Street Children Project (SCP) Kumasi has been overwhelmed by the creditable increase in their organisations’ operational funds and support from the community it operates in, after applying the techniques and skills acquired during the Change the Game Academy programme. SCP was among nine community-based organisations to benefit from this programme that was jointly organised by WACSI and Wilde Ganzen.
With Ghana becoming a middle-income country in 2010, development partners are withdrawing funding support from Ghana. It became imperative for civil society in Ghana to mobilise local resources to support their operational costs.
However, like many civil society organisations in Ghana, SCP lacked adequate knowledge and skills to raise funds locally.
“It was very difficult to raise funds locally. We even organised a stakeholder program the week before the local fundraising course where we were unable to raise funds irrespective of the calibre of people including ministers present at the gathering,” Jessica Deh, Programmes Manager at SCP confessed.
“Raising funds locally for the past years was very weak and poor within our organisation. I had no idea on how to locally raise funds and also thought raising funds at the local level is not possible with the prevailing economic hardship and the reluctant nature of most citizens to give in support of the works of NGOs/civil society groups”, added Akwasi Prempeh, Project Administrative Assistant at SCP.
Prempeh went on to explain that after the training, the knowledge acquired built his interest to locally raise funds to support the organisation’s work.
This optimism was sparked by SCP’s participation in the Change the Game Academy programme. This has enabled them to reverse this funding nightmare the organisation experienced.
The programme enabled them to learn how to identify and pitch to potential donors, develop a team and strategy for fundraising and develop constructive partnerships with like-minded organisations. The results obtained after their participation in the programme have been remarkable. SCP raised $USD2035 in their first fundraising event after their participation in the programme.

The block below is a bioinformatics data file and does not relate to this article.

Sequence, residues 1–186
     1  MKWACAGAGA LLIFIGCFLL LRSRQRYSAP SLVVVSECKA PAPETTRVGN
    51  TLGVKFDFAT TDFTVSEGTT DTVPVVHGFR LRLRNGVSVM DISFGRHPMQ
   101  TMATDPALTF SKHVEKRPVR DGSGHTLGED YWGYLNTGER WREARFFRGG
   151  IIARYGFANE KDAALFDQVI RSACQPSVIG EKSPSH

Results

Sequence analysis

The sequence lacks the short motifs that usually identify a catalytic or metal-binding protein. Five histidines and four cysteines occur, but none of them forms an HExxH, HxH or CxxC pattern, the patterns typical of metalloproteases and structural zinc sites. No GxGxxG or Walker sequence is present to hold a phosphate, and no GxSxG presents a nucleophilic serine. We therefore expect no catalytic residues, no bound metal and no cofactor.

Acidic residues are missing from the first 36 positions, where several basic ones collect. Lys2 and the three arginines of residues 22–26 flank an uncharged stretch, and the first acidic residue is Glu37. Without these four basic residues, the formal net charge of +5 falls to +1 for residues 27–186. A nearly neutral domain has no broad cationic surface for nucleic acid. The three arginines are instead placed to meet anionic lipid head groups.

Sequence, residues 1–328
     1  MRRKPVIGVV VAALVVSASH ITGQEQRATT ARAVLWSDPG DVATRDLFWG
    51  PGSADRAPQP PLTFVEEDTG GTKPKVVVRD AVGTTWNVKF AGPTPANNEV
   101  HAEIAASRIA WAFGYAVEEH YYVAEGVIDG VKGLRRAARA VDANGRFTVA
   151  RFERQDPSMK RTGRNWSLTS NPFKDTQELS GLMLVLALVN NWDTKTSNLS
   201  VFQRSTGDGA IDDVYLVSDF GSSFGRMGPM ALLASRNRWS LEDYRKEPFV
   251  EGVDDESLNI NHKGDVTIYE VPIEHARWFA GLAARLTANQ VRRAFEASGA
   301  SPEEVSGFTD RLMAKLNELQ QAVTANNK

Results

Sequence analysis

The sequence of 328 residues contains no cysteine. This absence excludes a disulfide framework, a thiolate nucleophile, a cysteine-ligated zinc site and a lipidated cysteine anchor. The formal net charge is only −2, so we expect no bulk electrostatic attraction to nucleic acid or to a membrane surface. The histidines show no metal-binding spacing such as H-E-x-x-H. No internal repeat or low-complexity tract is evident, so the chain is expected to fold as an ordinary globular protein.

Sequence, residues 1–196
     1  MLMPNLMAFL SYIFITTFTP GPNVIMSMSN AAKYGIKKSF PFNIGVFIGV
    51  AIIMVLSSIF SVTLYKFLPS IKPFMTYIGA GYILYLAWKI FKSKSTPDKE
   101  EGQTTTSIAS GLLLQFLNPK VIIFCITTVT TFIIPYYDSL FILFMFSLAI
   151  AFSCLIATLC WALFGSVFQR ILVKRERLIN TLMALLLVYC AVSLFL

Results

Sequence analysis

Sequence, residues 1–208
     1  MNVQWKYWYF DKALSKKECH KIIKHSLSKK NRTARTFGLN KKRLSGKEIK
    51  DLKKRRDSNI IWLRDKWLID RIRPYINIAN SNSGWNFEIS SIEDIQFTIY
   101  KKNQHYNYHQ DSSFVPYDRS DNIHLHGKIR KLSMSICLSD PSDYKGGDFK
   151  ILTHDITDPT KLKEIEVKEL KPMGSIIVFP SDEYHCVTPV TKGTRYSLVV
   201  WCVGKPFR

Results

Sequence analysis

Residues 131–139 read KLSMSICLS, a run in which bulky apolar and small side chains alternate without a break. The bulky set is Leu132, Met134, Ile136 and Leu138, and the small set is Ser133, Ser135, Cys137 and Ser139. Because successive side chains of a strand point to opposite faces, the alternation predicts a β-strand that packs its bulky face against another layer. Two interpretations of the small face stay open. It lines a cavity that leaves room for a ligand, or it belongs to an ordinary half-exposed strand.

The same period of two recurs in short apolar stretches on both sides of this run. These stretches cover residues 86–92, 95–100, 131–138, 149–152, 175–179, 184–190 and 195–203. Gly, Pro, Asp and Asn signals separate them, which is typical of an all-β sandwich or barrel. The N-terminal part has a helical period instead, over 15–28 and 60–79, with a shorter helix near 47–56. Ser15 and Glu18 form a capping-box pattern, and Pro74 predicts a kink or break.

“Currently, after our involvement in this programme for the first time in 2018 the organisation raised about GH¢ 10,000 through local donations; which I would score 90%, depicting how effective the organisation mobilised resources locally during the year 2018 to support its activities”, added Prempeh.
Prempeh further explained that at the same fundraising event, the CEO of Trinity Cosmetics – a detergent company based in Kumasi signed a one-year contract of supplying bathing soap, washing powder, bleach and liquid soap for the 30 girls being taken care of, at the vocational training centre run by SCP.
The change the game programme was a golden opportunity for SCP and has totally changed their financial and operational trajectory.
“This programme has been an eyeopener which helped us to see that what we thought was impossible can actually be possible. It is possible to raise local funds and it is possible to provide lasting solutions to the problem of streetism”, Deh affirmed.
NOTE: Opinion expressed in this article are solely those of the author, and do not necessarily reflect the opinions or views of the West Africa Civil Society Institute.